You Definitely Don’t Want to Use the @Icelandair Stopover Program

I hate to dwell on the negatives of such an incredible trip to Europe, but I thought I’d offer an update about my experiences with Icelandair. In short, it would be a mistake to choose Icelandair as your means of travel to Europe and a huge mistake to use their Stopover program unless you want to risk throwing away a lot of money on travel you won’t get to experience.

As I wrote last week, Icelandair badly handled a cancellation on my return to the U.S. The morning of my return trip—a trip which was to include a 27-hour stopover in Iceland—I received notice that my flight from Amsterdam to Iceland had been canceled. The key detail is that I did not receive that notification from Icelandair. Instead, I had a Google Alert that I later confirmed on a Flight Status tracker.

I immediately contacted Icelandair through its online customer service channels to confirm the cancelation and see what their rebooking plan was. Two hours and forty minutes later, they began their response: a mess of dropped conversations, an actual rebooking on the canceled flight, and blaming me for not providing contact information which, of course, I had, not only when I booked, but when I checked into the flight the night before.

While I was waiting for customer service to respond, I called Expedia, where I had booked the ticket. The customer service agent there, hours after the flight had been canceled, had not received notice from Icelandair about the cancellation and actually confirmed it by checking the same websites I had visited. In fact, Expedia was only able to send me an official cancellation notice at 11:08, just two hours before I should have been checking in for my flight. This, despite the fact that third-party flight trackers were aware at least six hours earlier.

Eventually, I was rebooked on a KLM flight back to Seattle. While flying KLM was a real pleasure, with comfortable service and incredibly helpful staff from the baggage claim to the gate in New York, there was a catch. The flight did not include my planned stopover in Iceland.

And that’s where the practical advice not to book an Icelandair stopover comes in. While I was fortunate and only had to cancel (and pay for) relatively inexpensive lodging and a more expensive rental car, it’s easy to see how a family traveling to Iceland could easily lose thousands of dollars on lodging, tours, and cars. Iceland is a wonder to visit, but it’s an expensive wonder that needs to be booked far in advance. For someone who hasn’t had the chance to visit Iceland or who wants to experience it again for a brief visit, the stopover program looks incredibly appealing, but if you can’t count on the airline to deliver you to the island, it’s an expensive risk not worth taking.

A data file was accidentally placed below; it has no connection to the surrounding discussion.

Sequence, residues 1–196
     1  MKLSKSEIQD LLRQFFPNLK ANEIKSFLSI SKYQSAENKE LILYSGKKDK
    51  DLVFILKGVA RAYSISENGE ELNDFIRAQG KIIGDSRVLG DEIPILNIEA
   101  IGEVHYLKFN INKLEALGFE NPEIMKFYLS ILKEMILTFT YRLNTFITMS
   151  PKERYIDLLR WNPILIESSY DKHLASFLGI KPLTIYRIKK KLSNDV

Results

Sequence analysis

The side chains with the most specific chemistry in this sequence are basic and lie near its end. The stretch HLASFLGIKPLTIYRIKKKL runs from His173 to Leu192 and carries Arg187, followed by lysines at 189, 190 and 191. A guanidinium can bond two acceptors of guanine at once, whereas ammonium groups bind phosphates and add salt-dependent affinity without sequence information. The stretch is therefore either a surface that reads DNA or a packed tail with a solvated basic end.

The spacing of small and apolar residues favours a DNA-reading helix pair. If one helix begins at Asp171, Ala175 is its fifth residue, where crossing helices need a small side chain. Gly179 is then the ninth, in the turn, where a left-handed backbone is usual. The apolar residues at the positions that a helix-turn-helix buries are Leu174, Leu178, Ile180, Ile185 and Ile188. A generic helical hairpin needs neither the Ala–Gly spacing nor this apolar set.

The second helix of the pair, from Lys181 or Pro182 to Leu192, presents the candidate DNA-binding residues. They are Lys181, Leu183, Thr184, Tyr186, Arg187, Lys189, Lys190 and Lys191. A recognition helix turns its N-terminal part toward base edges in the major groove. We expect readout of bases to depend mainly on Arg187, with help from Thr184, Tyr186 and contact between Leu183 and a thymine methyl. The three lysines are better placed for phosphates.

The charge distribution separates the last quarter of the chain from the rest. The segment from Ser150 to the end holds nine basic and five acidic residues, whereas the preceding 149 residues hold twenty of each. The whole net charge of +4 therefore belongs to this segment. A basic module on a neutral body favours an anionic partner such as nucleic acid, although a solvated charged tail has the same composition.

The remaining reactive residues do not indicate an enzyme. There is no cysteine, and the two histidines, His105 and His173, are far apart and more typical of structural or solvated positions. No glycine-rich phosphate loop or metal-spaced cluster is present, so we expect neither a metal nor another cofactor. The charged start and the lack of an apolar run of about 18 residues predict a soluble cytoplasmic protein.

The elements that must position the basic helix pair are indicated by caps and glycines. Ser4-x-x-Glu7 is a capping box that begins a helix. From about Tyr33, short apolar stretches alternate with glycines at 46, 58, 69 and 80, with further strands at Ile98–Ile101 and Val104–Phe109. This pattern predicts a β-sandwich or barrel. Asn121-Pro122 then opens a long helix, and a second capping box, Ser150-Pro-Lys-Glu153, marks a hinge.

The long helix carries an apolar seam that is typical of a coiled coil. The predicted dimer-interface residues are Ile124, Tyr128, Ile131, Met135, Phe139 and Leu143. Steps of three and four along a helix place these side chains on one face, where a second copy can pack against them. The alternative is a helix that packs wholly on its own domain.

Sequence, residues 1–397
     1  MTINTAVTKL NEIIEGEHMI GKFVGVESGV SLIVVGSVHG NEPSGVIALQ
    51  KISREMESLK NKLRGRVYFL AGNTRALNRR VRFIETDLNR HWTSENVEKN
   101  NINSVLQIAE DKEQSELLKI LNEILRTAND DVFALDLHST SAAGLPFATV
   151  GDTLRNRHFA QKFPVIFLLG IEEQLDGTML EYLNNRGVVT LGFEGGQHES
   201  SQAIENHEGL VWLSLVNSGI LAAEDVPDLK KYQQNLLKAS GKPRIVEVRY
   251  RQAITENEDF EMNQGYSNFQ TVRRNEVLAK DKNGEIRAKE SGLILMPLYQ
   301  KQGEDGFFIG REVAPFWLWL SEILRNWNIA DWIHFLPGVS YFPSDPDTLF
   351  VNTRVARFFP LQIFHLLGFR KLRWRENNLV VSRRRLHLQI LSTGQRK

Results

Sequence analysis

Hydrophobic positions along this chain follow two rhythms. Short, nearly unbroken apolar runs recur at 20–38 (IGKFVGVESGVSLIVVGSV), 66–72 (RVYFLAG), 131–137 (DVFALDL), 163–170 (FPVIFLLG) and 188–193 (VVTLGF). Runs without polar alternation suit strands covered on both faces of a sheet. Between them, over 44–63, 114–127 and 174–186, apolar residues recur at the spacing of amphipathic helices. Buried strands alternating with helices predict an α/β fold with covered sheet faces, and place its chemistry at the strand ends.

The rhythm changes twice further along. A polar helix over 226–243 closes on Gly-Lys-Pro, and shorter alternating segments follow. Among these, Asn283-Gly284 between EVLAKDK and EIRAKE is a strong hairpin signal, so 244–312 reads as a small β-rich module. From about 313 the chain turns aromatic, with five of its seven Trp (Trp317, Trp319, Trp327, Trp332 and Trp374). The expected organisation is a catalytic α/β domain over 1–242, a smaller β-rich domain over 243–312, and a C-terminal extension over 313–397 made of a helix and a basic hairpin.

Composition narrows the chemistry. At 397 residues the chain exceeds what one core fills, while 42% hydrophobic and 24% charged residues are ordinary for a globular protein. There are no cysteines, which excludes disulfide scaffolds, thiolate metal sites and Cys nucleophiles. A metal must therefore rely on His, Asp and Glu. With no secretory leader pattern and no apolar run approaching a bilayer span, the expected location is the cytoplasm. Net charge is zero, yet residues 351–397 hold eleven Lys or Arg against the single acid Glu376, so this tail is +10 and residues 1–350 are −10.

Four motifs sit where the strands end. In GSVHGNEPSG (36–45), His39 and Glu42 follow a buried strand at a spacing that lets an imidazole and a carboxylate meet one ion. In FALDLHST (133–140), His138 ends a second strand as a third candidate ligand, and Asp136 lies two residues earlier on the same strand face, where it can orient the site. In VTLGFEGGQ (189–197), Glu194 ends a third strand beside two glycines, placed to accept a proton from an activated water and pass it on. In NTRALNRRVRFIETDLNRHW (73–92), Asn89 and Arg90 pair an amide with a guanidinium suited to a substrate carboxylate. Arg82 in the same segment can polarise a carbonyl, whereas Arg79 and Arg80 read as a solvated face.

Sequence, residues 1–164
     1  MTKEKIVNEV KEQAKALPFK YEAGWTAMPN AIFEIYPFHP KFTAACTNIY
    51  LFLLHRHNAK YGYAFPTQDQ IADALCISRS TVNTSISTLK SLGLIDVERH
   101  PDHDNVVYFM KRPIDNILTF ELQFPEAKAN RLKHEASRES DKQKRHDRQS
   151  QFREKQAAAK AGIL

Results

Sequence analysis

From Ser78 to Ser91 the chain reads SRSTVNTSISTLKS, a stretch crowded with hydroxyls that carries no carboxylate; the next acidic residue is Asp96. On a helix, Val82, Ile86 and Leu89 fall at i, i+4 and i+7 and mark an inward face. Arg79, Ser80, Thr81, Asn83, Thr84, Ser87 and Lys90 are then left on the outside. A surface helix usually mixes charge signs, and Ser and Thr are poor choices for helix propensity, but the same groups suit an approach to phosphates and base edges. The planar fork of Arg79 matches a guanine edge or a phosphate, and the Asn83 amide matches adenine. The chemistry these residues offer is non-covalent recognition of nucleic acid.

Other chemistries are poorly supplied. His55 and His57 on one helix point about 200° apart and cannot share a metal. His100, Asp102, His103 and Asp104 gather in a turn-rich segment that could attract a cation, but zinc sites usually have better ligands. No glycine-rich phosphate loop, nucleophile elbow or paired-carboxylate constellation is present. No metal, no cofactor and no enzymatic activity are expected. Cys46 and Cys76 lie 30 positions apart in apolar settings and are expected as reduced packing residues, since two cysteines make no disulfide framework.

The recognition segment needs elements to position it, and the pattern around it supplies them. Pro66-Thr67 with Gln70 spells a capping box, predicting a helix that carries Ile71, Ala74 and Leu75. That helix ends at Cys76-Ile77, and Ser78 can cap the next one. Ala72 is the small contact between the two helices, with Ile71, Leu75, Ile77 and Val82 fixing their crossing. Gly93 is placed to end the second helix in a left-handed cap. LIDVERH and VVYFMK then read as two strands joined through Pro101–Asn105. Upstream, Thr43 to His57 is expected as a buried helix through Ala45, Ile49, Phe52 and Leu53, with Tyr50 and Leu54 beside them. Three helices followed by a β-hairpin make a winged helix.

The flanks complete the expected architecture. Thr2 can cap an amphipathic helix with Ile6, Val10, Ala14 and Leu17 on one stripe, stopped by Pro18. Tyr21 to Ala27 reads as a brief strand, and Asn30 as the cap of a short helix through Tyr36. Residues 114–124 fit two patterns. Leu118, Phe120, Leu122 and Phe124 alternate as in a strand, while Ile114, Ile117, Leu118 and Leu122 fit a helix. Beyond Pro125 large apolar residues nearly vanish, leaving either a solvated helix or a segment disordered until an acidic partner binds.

In this case, I only incurred the expense of a canceled rental car and lodging and an extra hotel night in Seattle, but it’s easy to see how someone could spend far more, given that in peak season, even basic hotel rooms go for $200-$300/night in Iceland.

Now, you’re probably thinking that Icelandair would try to make a situation like this right. That’s what I was thinking, despite the inept customer service response Today, I received this reply, complete with a false apology, to my “expedited” customer service request:

Thank you for contacting Icelandair Customer Relations, please accept our apologies for the late reply.

We are very sorry for the inconvenience caused to you by the schedule change of your flight in July. Please be informed that under the EB regulation 261/2004 it states that when a schedule change is made to a flight with more than 14 days in advance, the airline is not liable to pay compensation for the delay. As your schedule change was made in January 6 month advance, we must respectfully deny your request of any compensation. The same must apply to all our passengers that are affected by this delay.

Expedia was aware of this in January and should have informed you.

In regards to loss of prepaid services, we wish to advise you that as no contract was in place between Icelandair and those services, we can not be held accountable for any excess expenses incurred or financial loss due to thos services. We thus kindly advise you to contact your travel insurances regarding this matter.

The customer service agent is right about one thing. My flight did change in January, a change I accepted and was aware of. It also changed in February, a change I accepted and was aware of. Neither of those changes had any bearing on the fact that Icelandair cancelled my flight after I checked in 24 hours before the flight in July, of course, so the expedited customer service response is not only a non sequitur, but it’s a deeply dishonest response from an airline that has repeatedly failed to treat a customer with respect.

And, in the end, this is why I recommend you consider other options to visit Iceland. It’s not just that Icelandair has canceled the last two flights I’ve taken with them with almost no notice and with very poor communication, as cancellations happen. It’s not that their customer service made me wish that I had booked on a real budget airline where I would have been treated better. It’s that—given their inability to get flights where they belong, their unwillingness to accept responsibility, and their desperate effort to deflect responsibility from EU guidelines that mandate compensation for passengers—you could very well end up with an expensive trip you don’t get to experience.

Get yourself to Iceland. Just make sure that you take an airline other than Icelandair unless you want to risk incredible expense and time-consuming frustration.